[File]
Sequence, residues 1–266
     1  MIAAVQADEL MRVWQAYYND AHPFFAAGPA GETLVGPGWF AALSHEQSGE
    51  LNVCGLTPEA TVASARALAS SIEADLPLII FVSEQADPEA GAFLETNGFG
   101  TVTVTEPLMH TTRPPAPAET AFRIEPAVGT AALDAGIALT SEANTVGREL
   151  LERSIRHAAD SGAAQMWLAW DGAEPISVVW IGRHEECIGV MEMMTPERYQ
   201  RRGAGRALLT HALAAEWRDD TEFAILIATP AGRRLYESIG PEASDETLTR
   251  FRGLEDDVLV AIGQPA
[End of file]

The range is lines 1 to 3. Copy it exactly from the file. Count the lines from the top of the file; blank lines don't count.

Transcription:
Sequence, residues 1–266
     1  MIAAVQADEL MRVWQAYYND AHPFFAAGPA GETLVGPGWF AALSHEQSGE
    51  LNVCGLTPEA TVASARALAS SIEADLPLII FVSEQADPEA GAFLETNGFG